Aaron Masliansky 50:26
And now it’s so easy with Zoom, you know, I have a Calendly link, I have people set up their time they want to meet at my office, they want to meet on Zoom, they want a phone call, whatever, it’s easier for them, pick a time boom. And it’s like, it just sets them up to think like, oh, this is a professional I’m working with, it’s so much better.

D.J. Paris 50:43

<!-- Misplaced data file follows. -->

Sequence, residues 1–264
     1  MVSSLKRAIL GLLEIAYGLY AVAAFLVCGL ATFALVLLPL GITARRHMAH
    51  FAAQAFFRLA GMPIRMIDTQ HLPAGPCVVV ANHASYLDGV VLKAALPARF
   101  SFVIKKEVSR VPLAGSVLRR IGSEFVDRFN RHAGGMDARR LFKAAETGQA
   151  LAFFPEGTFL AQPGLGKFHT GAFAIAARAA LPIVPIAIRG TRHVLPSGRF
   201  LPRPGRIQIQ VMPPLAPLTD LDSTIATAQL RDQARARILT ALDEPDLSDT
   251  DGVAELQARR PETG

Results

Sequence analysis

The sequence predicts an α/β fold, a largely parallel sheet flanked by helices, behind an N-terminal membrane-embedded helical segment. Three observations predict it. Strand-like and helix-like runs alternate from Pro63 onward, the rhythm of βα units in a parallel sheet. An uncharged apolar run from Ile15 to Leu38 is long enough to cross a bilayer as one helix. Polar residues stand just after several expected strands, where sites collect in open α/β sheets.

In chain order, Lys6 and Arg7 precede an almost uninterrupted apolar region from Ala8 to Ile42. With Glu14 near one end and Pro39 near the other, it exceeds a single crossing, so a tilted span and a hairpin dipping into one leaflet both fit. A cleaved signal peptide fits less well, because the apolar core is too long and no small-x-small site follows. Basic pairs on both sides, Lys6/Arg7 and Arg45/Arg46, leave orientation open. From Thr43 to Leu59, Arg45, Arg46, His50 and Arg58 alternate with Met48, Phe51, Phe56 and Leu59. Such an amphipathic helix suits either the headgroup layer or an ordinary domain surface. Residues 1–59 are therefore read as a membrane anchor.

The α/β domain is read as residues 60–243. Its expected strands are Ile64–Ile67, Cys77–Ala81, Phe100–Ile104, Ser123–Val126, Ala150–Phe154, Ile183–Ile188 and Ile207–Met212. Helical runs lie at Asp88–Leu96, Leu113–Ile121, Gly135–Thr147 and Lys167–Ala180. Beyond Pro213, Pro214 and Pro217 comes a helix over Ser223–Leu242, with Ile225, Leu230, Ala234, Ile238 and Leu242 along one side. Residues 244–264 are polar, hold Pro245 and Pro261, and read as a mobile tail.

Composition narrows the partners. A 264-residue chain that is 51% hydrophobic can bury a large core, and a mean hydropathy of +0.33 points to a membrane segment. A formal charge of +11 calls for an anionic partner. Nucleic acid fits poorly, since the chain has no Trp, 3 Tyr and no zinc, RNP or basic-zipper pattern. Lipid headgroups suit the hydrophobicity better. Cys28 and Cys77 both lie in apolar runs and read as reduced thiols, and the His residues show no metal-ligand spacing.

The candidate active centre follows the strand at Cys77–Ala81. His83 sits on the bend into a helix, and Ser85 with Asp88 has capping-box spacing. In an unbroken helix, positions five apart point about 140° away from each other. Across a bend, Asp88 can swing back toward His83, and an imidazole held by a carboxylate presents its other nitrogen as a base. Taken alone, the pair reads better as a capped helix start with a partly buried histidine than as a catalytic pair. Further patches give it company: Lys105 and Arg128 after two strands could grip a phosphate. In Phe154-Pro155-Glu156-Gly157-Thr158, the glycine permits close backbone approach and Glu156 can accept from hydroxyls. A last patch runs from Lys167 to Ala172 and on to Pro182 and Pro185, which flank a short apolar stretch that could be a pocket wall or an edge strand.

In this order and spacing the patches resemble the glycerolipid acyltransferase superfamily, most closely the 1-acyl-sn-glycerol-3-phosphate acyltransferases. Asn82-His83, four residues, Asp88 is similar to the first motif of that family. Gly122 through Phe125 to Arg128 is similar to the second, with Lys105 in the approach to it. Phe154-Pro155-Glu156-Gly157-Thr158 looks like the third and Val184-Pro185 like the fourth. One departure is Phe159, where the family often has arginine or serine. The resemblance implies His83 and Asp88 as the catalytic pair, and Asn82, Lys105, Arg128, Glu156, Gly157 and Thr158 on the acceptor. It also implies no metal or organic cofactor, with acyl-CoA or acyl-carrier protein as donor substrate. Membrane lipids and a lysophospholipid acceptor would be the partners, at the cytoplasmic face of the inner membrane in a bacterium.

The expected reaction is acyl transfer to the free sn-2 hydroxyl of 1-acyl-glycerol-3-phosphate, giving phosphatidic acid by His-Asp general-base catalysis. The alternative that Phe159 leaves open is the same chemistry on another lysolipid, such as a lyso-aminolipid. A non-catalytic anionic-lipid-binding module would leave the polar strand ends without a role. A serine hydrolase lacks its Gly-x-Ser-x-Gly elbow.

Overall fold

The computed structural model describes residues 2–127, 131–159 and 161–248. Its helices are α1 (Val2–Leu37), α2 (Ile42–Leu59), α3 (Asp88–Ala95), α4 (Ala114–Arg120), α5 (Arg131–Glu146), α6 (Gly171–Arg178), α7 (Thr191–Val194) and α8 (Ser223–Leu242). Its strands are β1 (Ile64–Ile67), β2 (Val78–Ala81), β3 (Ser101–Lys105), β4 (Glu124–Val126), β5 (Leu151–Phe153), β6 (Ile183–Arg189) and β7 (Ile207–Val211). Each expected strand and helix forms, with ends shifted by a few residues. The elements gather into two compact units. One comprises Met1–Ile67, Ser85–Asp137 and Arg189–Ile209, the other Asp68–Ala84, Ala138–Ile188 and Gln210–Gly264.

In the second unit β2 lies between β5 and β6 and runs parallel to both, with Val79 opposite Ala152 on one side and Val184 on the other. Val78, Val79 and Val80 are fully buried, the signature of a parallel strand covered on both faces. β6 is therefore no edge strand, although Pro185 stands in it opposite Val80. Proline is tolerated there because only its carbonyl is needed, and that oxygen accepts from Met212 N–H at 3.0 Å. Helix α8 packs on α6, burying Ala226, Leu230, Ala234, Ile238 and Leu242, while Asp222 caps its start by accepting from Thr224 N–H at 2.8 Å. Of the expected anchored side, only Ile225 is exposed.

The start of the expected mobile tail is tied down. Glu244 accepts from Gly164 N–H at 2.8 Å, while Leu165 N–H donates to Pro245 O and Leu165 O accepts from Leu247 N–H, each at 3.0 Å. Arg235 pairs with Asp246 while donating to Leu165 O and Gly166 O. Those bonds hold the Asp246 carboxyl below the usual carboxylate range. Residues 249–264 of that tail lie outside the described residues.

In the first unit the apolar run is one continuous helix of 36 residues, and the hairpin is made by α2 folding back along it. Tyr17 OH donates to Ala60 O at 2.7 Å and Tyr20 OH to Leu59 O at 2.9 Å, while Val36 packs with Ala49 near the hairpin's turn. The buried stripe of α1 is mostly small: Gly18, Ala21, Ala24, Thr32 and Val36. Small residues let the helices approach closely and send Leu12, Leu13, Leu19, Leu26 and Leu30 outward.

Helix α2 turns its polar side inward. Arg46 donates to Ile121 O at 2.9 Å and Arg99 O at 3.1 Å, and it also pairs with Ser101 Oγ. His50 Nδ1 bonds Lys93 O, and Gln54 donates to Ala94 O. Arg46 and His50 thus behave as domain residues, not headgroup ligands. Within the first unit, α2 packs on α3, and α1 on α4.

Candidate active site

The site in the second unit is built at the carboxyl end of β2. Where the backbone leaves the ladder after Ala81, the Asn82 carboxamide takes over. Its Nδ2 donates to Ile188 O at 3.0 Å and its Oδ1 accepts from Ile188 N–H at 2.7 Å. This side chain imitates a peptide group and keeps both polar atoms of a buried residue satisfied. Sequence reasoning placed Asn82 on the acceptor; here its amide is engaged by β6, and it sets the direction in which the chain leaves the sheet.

I love it. That is such a great tip for anyone, especially and again, if you’re buying leads. So what Aaron is really saying about costing businesses, a lot of times the lead providers, you know, will tell you just schedule the showing, even though it’s not your listing person wants to see this property they’ve shown interest, don’t don’t take them to a Starbucks and get to know them, or don’t have them come to your office because that that sort of stops them from what they want. But, and I think maybe generally speaking, that’s not terrible advice for that sort of lead. But I love the idea of pushing somebody through a more professional sales funnel or process because ultimately, I think that does, you’re right, I think that does set you apart. Like you were saying maybe they already have an agent or somebody they’re talking to. And all of a sudden now they’re with somebody who’s sitting down and really getting to know them before going, I’m gonna just open the door and let you walk in and see what tell me what you you know, you like it or you don’t. So I actually think that’s a really, really strong point. But I know I’m understanding what you’re saying because you know, Zillow, and those companies who sell leads will say, really, we encourage you not to do that we want you just to set the appointment, meet them at the property. And then you can have the sort of the meeting but but I love I love that, that you do that. Because I just I just think it’s more professional. So and then the right, the right kind of client will really appreciate that probably the client you want to work with is the one that’s going to be like, that’s a good thing.